To be sure, Dutee Chand is feeling the burden of this political and medical strain on her as she has been reported as saying, “I am sad. Had the medical tests been conducted earlier, I could have got myself cured and participated in the Commonwealth Games at Glasgow.”[xvi] What is missing from the discourse, however, is any discussion on the rights of Dutee Chand as an athlete and a citizen. SAI has not only chosen a moment to test Dutee Chand which reeks of gender stereotyping but has also within its own system of testing female athletes, failed to adhere to international standards. By doing so, SAI has also violated the constitutional rights of Dutee Chand available to her under Article 14 of the Indian Constitution.
It is time that SAI begins to see that the world of athletics is not comprised of custom made bodies of perfectly identical athletes. More importantly, it is time that the conversation surrounding this test begins to focus on Dutee Chand. This conversation is not only about national honor or the state of medicine; it is about the Constitutional rights of a person who is now under the very palpable fear that her career may suffer a setback.
[Surabhi Shukla is Assistant Professor of Law, Jindal Global Law School; Anubha Singh works with Jagori, New Delhi]
[i] The title of this piece is inspired by Shaggy’s song, “Strength of a Woman”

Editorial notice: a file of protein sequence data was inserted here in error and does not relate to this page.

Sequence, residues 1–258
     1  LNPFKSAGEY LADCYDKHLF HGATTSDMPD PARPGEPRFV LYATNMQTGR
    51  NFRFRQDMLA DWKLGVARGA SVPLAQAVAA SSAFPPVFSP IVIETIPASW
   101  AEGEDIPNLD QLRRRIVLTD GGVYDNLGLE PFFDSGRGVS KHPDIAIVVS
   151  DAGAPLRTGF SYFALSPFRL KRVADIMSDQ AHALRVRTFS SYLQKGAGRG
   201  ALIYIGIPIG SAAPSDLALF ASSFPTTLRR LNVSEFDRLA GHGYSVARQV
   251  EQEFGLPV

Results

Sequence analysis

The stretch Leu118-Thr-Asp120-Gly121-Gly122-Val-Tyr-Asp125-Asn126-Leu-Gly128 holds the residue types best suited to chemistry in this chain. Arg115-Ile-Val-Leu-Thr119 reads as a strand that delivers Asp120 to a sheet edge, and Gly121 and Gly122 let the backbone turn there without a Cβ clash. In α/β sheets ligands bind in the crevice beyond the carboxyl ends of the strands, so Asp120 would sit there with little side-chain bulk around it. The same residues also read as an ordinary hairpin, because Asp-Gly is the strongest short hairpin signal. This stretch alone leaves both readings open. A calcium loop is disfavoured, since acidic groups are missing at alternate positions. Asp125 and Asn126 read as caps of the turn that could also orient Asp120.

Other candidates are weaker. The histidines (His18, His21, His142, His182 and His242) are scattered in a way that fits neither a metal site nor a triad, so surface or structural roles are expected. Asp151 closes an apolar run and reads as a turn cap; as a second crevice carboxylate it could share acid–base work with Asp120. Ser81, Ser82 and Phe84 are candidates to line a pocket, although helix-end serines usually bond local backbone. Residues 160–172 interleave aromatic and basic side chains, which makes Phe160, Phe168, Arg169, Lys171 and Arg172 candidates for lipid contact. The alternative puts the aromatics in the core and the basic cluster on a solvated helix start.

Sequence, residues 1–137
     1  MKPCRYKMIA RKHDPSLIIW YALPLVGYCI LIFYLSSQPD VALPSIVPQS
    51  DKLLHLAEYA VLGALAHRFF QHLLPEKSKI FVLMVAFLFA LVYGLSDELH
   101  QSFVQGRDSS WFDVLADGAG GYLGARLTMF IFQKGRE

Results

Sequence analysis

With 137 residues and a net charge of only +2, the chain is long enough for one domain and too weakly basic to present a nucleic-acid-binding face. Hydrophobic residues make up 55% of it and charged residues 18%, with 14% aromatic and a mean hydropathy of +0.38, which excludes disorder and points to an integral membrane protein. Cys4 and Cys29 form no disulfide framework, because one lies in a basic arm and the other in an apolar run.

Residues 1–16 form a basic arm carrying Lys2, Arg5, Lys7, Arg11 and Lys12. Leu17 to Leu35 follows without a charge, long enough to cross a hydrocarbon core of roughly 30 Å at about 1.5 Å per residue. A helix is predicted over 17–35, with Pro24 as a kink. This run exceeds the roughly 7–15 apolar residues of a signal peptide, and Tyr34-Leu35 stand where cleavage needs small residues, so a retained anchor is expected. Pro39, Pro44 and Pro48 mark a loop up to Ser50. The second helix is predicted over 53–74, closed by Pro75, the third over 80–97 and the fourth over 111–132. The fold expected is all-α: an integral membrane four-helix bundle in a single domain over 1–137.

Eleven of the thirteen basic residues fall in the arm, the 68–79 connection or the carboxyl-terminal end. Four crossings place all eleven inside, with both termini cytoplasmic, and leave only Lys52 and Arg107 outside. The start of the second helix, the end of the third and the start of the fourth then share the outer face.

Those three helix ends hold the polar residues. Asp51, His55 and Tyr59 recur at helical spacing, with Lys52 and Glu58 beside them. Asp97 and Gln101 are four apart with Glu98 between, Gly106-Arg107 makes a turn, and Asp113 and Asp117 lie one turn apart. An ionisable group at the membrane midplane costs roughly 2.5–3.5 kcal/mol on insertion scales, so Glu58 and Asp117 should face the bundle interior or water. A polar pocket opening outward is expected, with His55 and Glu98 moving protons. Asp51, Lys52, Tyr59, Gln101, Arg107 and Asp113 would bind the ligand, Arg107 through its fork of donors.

[ii] The Times of India, 20th July, 2014.
[iii]Clause 3. 4, Standard Operative Procedure to Identify Circumstances (Female Hyperandrogenism) in Which a Particular Sports Person Will Not be Eligible to Participate in Competitions in the Female Category. Found at http://pib.nic.in/newsite/erelease.aspx?relid=94015.
[iv]Standard Operative Procedure to Identify Circumstances (Female Hyperandrogenism) in Which a Particular Sports Person Will Not be Eligible to Participate in Competitions in the Female Category.Found at http://pib.nic.in/newsite/erelease.aspx?relid=94015.
[v]Clause 1.3, Standard Operative Procedure to Identify Circumstances (Female Hyperandrogenism) in Which a Particular Sports Person Will Not be Eligible to Participate in Competitions in the Female Category. Found at http://pib.nic.in/newsite/erelease.aspx?relid=94015.
[vi]Clause 2.2, Standard Operative Procedure to Identify Circumstances (Female Hyperandrogenism) in Which a Particular Sports Person Will Not be Eligible to Participate in Competitions in the Female Category.Found at http://pib.nic.in/newsite/erelease.aspx?relid=94015.
[vii] Minati Singha, “Dutee Chand Faces Gender Hurdle”, THE TIMES OF INDIA, 15th July, 2014.
[viii] Manu Joesph, “The Definition of a Female Athlete”
[x] Clause 3.4, Standard Operative Procedure to Identify Circumstances (Female Hyperandrogenism) in Which a Particular Sports Person Will Not be Eligible to Participate in Competitions in the Female Category.Found at http://pib.nic.in/newsite/erelease.aspx?relid=94015.
[xi]Page 3, Hyperandrogenism Regulations- Explanatory Notes, May, 2011.
[xii]Shivani Naik, “Denied place in CWG women’s squad, she says: Main bachpan se aisi hi hoon” INDIAN EXPRESS, 18th July, 2014. See also,
[xiii]“Orissa State Government Seeks Sports Authority of India Response”, THE TIMES OF INDIA, July 20th, 2014.
[xv] The Week, 22nd July, 2014.
[xvi]“‘Sad’ Dutee Chand wishes test was done earlier”, Found at OdishaSunTimes. com, 17th July, 2014.